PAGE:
Whitmer agency seeking to make COVID-19 workplace rules permanent
Rule changes being considered by one state agency would keep many of the pandemic safety measures in place indefinitely – including mask requirements in retail stores, theaters, sports facilities, and more.
Temporary COVID-19 restrictions in Michigan workplaces could become permanent under sweeping new regulations proposed by a state safety and health agency.
Gov. Gretchen Whitmer’s Michigan Occupational Safety and Health Administration, or MIOSHA, is planning to move forward to make permanent several COVID-19 workplace rules. Among these rules is a permanent mask mandate, requiring both employees and customers alike to wear face masks.
MIOSHA workplace COVID-19 rules were extended again [DATE] on an emergency basis and will continue to stay in place until October. However, MIOSHA will no longer have the authority to extend their emergency order afterwards.
To circumvent this, MIOSHA is pushing to put permanent restrictions on the books.
The proposed permanent MIOSHA rules will be subject to a public hearing May 26 at 9:00 a.m.
The following are several examples of MIOSHA restrictions that the agency is seeking to extend on a permanent basis, without regard for science, metrics or the status of COVID-19:
- Retail stores must require patrons to wear a face covering and install physical barriers at checkout points.
- Employers must conduct “health surveillance,” including daily health screening for all employees and contractors.
- Restaurants and bars must require 6 feet of separation between parties until the Michigan Department of Health and Human Services decides otherwise. Patrons must wear masks except when seated.
- All businesses must promote remote work policies for employees, despite the pandemic destroying many business’ ability to conduct in-person work for months.
- Masks are required for all sports and entertainment facilities, theaters, bowling alleys, arcades, etc. Masks as required in gyms and fitness centers unless the patron is swimming.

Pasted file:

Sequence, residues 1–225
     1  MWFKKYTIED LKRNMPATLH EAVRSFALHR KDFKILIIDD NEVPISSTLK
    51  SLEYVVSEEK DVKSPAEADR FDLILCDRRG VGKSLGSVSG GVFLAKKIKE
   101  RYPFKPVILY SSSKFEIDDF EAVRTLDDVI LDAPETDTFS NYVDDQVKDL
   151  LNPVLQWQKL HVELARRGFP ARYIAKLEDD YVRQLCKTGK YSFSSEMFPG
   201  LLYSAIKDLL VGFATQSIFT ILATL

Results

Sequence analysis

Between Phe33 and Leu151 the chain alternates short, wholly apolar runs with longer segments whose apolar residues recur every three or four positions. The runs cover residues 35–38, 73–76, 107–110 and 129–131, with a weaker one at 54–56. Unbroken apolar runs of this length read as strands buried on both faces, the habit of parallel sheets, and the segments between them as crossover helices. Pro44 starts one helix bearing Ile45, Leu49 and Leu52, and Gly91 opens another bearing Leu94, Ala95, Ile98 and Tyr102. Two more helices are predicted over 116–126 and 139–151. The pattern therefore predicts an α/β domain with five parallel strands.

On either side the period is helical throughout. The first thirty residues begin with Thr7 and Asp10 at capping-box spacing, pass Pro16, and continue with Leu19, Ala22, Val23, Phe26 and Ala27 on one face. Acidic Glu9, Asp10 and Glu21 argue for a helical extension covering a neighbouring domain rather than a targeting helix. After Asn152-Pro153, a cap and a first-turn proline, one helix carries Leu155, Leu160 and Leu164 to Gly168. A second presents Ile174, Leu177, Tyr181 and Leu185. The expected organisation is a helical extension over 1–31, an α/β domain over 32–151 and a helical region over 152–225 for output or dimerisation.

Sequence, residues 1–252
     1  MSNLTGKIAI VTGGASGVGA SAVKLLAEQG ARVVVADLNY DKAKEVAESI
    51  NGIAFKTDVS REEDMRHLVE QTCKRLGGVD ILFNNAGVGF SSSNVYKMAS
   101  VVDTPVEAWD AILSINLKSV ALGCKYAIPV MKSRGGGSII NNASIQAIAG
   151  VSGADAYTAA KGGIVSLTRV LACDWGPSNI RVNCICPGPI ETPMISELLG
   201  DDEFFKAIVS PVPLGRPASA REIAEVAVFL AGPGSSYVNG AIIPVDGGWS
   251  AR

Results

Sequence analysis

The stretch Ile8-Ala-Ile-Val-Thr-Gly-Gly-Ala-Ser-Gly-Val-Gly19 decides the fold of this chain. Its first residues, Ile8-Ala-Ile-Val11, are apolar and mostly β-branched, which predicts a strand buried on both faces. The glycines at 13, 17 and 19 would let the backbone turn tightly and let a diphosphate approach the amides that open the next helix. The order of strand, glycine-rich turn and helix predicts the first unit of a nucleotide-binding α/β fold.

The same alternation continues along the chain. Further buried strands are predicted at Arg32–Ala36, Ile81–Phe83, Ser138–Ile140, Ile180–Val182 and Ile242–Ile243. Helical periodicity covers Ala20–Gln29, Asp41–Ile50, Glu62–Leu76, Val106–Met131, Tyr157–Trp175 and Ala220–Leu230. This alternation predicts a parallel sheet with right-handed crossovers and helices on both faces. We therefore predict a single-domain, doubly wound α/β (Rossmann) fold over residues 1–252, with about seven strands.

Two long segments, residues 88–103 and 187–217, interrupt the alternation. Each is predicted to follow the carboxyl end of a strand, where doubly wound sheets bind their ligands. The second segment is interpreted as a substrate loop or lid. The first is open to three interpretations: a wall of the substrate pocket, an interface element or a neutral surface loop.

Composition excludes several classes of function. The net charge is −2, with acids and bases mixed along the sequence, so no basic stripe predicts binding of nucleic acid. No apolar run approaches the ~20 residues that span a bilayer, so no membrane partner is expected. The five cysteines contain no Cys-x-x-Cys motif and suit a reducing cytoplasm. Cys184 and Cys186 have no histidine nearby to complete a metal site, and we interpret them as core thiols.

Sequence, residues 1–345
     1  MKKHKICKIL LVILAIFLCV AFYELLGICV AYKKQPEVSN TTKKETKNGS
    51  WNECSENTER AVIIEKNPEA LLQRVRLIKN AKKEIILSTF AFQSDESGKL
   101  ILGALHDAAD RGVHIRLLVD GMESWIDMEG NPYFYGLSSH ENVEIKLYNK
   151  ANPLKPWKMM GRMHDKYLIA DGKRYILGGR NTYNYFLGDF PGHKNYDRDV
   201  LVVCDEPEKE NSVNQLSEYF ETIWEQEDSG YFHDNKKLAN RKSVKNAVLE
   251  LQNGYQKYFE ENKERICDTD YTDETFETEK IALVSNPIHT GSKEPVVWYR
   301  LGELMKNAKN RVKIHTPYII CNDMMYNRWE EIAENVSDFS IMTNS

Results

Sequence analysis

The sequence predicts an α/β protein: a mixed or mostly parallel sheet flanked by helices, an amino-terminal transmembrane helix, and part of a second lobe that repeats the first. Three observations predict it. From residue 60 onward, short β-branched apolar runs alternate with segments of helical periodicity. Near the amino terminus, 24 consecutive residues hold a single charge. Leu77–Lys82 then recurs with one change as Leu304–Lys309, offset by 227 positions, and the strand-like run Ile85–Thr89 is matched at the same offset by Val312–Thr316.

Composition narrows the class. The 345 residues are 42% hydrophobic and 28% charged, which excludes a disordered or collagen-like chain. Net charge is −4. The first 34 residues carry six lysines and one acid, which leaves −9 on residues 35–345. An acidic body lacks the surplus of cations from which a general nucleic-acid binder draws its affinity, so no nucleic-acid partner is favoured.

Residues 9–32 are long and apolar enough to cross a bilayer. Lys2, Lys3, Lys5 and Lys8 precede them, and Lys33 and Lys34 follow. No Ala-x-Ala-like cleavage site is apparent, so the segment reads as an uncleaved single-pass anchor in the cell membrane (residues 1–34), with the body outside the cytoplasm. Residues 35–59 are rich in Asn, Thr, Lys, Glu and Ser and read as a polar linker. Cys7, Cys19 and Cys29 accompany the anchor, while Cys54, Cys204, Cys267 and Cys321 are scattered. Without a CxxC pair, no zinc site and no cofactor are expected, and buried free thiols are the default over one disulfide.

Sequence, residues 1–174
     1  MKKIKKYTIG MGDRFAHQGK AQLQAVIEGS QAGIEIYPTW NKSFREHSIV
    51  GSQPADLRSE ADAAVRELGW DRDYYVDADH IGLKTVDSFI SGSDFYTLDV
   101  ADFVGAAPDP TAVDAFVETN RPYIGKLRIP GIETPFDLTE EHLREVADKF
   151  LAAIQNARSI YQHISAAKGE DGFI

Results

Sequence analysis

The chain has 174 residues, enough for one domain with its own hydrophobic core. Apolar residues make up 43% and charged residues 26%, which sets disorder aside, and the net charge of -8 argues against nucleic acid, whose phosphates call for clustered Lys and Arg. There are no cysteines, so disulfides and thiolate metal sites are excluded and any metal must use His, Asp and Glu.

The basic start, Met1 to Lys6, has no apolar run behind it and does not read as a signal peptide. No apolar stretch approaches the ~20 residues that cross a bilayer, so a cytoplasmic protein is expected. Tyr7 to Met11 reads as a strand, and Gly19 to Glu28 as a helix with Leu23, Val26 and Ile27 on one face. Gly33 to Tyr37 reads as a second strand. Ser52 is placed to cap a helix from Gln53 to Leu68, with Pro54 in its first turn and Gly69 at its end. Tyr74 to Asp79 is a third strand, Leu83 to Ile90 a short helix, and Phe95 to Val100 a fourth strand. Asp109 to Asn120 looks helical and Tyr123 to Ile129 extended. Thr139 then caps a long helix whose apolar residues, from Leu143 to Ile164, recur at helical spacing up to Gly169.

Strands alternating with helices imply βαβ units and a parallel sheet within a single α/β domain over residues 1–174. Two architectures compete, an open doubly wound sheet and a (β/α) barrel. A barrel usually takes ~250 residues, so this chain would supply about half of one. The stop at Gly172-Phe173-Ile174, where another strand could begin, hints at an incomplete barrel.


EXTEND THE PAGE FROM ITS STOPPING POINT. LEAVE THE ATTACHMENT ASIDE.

- All employees are required to wear face coverings at all times if they cannot maintain social distancing guidelines.
- Employers must maintain records of employee health screenings.
Pushing back on MIOSHA’s permanent rules, business leaders have expressed frustration with the process and disappointment at the attempt to make these restrictions permanent.
“The permanent COVID-19 workplace safety rules MIOSHA is pursuing keeps government’s thumb on decisions best left in the workplace between employers and employees,” said Wendy Block of the Michigan Chamber of Commerce. “This one-size-fits all rule set does not account for vaccine rollout and herd immunity and does nothing to help businesses or our economy move forward.”
“The Committee debated numerous proposals to follow the science and CDC guidelines, but the proposed changes were rejected because of a lack of ‘consensus,’” added Scott Ellis, Executive Director of the Michigan Licensed Beverage Association. “This process did not reflect reasonable discussion or decision making.”
Business leaders are also worried that permanent restrictions will put a damper on the state’s economy, which has suffered among the worst job losses in the country. “If the agency proceeds with these rules as written, they will further damage Michigan’s business climate,” Ellis continued.
Michigan employers and employees should continue making decisions in the best interest of workers’ safety. But broad, permanent new restrictions from an unelected state agency set a dangerous precedent.